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Posted on Jan 3, 2013 |

Respectful Dissent: A Priest Teaches World Religions

Respectful Dissent: A Priest Teaches World Religions

What’s the best way to teach world religions to Catholic students in a relativist culture?

Fr. David Endres, assistant professor of Church history at The Athenaeum of Ohio/Mount St. Mary’s Seminary, wrote this essay about a class he taught at Bishop Fenwick High School in Franklin (OH) for this month’s Homiletic & Pastoral Review magazine, where it appeared as “Father, Aren’t You Afraid I’ll Become Muslim?”: The Challenge of Encountering Non-Christian Religions. The following excerpt is reproduced with permission.


When I was asked to develop and teach a course in world religions for Catholic high school seniors, I wondered about the wisdom of offering such a course and whether I could, in good conscience, teach a class on non-Christian religious traditions. “After all,” I thought, “the students don’t know their own faith well enough, why spend time on other religions?”


As I explored offering the course, I took some solace in finding that well-known writer and apologist Fr. John Hardon, SJ., had taught comparative religions at the university level and had written on the world’s major religious traditions. There were also contributions on the topic from philosopher/theologian and apologist Peter Kreeft of Boston College, and Pope Benedict XVI, then Cardinal Ratzinger.


Believing myself to be in good company with others exploring the relationship of non-Christian faiths to Christianity, I began to understand that the difficulty would not be in offering a course in world religions per se, but in finding the proper approach. My goal was to respect other religions without passively or actively communicating to my students an acceptance of ideas, traditions, and interpretations contrary to Christian revelation.


As I began teaching the course, the reason behind offering a world religions course to Catholic young adults became more apparent: to help them understand Christian Catholic distinctiveness, what separates our faith from others. By studying other traditions, we attempted to highlight the “what” and “why” of our own beliefs, growing in our appreciation of what it means to be a follower of Christ.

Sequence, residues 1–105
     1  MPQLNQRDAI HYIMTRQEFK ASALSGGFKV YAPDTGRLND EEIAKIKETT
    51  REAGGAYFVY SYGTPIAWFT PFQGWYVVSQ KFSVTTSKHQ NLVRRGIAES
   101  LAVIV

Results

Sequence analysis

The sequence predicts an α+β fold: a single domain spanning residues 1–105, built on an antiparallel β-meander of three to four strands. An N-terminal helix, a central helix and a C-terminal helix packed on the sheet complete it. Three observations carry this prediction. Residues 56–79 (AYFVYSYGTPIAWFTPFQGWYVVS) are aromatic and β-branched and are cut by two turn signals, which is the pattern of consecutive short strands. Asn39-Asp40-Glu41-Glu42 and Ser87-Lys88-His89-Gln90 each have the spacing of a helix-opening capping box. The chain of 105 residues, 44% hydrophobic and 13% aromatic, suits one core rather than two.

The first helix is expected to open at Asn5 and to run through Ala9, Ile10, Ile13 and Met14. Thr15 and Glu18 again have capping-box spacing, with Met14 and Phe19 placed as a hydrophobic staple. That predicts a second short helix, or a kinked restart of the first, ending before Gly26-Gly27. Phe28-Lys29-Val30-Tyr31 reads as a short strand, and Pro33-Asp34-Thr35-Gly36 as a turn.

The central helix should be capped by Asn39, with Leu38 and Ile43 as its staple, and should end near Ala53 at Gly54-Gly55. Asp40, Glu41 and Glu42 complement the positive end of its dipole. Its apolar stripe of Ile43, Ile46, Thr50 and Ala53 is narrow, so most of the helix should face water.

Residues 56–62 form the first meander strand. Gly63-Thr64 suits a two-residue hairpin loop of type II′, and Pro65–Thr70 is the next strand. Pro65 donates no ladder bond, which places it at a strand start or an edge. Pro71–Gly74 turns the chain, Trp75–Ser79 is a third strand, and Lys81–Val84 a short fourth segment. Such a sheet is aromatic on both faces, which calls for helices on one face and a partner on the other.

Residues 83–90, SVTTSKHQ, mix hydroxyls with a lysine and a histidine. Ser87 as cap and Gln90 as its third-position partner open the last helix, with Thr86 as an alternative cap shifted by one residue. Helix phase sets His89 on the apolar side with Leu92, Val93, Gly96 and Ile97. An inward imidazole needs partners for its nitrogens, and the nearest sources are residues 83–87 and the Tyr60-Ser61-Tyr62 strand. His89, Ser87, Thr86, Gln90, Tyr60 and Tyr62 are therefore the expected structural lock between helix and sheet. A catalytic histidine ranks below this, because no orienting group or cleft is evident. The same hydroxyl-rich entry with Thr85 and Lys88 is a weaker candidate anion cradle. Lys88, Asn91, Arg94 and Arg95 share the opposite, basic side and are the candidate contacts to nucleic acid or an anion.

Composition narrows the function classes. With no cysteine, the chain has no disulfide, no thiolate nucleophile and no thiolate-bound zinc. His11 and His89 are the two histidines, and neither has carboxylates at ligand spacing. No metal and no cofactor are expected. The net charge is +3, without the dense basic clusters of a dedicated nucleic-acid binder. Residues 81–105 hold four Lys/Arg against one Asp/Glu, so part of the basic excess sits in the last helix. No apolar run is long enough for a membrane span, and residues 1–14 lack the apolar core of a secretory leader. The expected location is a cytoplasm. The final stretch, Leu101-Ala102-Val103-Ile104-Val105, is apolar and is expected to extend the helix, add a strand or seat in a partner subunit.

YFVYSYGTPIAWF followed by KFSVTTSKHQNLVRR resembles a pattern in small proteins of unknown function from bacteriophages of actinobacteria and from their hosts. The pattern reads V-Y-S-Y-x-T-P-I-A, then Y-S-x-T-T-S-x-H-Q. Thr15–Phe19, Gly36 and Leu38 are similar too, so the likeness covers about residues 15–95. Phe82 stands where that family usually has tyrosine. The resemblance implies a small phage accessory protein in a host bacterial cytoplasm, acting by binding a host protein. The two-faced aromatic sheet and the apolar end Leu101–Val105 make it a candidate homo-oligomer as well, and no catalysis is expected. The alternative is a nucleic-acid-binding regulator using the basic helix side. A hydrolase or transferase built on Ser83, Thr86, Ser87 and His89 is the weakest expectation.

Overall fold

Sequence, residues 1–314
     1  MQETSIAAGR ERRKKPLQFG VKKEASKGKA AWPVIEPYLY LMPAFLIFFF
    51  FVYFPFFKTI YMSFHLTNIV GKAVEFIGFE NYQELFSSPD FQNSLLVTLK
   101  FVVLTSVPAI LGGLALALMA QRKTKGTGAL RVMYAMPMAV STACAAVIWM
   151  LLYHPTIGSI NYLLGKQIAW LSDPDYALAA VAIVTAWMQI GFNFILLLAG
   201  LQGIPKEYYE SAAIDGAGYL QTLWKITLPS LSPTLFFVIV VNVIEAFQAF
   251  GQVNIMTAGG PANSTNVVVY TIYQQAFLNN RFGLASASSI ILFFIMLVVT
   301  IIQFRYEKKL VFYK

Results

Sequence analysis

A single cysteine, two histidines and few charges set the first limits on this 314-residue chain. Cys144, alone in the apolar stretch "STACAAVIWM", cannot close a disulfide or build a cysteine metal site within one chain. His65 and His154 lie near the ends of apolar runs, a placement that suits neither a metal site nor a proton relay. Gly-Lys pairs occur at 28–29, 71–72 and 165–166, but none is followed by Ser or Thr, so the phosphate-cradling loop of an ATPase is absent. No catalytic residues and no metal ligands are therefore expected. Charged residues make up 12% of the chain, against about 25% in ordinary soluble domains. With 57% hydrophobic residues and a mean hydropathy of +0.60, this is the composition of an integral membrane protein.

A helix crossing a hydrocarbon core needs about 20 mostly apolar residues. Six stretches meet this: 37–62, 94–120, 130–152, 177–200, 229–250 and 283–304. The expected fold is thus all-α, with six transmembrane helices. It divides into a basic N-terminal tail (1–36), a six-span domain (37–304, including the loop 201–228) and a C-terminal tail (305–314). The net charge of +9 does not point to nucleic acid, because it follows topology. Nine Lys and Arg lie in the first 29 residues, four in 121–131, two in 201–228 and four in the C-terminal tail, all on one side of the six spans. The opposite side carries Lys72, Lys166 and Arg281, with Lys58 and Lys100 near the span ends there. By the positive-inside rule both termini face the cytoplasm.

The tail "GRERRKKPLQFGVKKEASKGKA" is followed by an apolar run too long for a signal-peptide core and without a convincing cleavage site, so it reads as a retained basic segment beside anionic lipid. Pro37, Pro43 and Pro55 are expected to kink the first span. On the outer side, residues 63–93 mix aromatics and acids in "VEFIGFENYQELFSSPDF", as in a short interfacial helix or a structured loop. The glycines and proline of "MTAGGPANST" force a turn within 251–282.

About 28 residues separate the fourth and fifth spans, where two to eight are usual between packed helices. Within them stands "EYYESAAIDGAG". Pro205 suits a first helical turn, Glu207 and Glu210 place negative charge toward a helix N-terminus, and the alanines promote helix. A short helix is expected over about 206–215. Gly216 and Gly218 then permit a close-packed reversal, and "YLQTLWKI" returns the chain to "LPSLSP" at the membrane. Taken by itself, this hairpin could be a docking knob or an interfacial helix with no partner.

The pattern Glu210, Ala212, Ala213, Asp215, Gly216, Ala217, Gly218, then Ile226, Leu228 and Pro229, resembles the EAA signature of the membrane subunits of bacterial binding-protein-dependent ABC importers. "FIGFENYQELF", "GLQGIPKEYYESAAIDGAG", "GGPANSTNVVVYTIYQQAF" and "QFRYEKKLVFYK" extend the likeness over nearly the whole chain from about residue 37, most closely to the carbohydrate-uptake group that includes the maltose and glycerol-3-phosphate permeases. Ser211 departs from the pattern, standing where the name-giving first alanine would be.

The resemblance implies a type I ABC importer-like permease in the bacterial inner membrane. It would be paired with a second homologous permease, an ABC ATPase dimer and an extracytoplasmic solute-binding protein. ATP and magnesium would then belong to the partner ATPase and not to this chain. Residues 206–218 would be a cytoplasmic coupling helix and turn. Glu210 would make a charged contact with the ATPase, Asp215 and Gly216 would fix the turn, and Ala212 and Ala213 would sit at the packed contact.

When we studied Islam, we delved into the passages in the Qur’an that mention Jesus, the Blessed Virgin Mary, and various other prophets and holy men and women significant to Christians. We probed the text to see what exactly these non-Christians believed about them and contrasted that with what we believe. For instance, if Jesus is viewed as a prophet within Islam, why do Catholic Christians teach that he is not a prophet, but the Son of God? If Muslims believe that Jesus did not die on the cross, why do Catholic Christians believe that, not only did Jesus die on the cross, but that his willingness to be crucified makes salvation possible? These are among the questions that were discussed to bring greater focus to what we as Christians believe.


Christian Distinctiveness
It is a common idea in our religiously and ethnically pluralistic society to hold that all religions are the same—that all religions either have the same basic source or the same terminus. Many say that religions are like streams which converge into one great river, or are like many paths up the mountain which join at the summit. This form of religious relativism seems to have never been stronger.


Admittedly, some students at the conclusion of my course still held to the belief that there is more in common between religions in the world than real differences. Yet, those who honestly compare Christianity with non-Christian religions must acknowledge that many of the claims made by various traditions are mutually exclusive—not all can be right, not all are fundamentally the same, not all belief is unified. Simply put, there are rival conceptions of the divine.


Read the rest here.

 Photo by Kruno Knezevic for stock.xchng.

Fr. David J. Endres, former chaplain and religion teacher at Bishop Fenwick High School and currently assistant professor of Church history at The Athenaeum of Ohio/Mount St. Mary’s Seminary of the West, where he also directs field education. He holds a doctorate from the School of Theology at the Catholic University of America, an M. Div. from the Athenaeum, and a B.A. from Xavier University.

 Homiletic & Pastoral Review was the first magazine for Catholic clergy in the United States. Founded in 1900, it is now published by Ignatius Press and presents articles on Catholic teachings, morality, and pastoral practice as well as homilies, book reviews, and other stories of interest to clergy and lay people around the world.

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